We note at this juncture that the ALJ’s order stated in part:

*282“Respondent was hindered in the presentation of its defense by the fact that the witnesses it selected lacked first-hand knowledge of the events upon which the decision to terminate complainant was based. In the absence of additional witnesses or business records respondent’s two witnesses could articulate this factual predicate only as what they thought they had heard before they terminated complainant and not as the truth of the matters asserted to them.
* * *
It is therefore of paramount importance to the effective administration of employment discrimination laws that the complainant’s right to confront and cross-examine the witnesses against him be preserved to the fullest possible extent by strict construction of evidence rules prohibiting hearsay in every case. I therefore hold that an employer’s ‘legitimate non-discriminatory reason’ for terminating a protected worker cannot be considered ‘articulated’ within the meaning of the FEPA and Board of Trustees of Keene State College v. Sweeney, 439 U.S. 24 (1978), unless and until it is presented at hearing by a person evidencing first-hand knowledge.”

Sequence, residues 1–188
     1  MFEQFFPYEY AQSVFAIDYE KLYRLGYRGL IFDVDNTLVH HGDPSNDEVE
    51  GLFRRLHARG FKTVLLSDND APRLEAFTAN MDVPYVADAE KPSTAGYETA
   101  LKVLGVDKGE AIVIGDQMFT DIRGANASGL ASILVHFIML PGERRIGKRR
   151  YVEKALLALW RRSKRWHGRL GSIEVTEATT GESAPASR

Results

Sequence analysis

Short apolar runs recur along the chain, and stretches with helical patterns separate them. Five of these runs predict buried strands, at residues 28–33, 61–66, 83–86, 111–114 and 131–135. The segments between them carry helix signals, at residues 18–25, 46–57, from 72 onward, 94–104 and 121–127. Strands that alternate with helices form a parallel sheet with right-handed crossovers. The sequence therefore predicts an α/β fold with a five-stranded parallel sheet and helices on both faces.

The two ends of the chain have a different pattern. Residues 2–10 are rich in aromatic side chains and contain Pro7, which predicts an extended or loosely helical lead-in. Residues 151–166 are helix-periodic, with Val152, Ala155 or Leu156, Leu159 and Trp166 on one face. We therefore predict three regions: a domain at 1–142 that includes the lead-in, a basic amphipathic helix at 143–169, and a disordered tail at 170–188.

Plaintiff argues that the ALJ’s holding placed too stringent a burden upon it — one that made it necessary to prove that Pitts had burned out the blender’s motor — before a finding could be made that it had “articulated” a legitimate nondiscriminatory reason for Pitts’ discharge. We disagree with this analysis of the ALJ’s holding.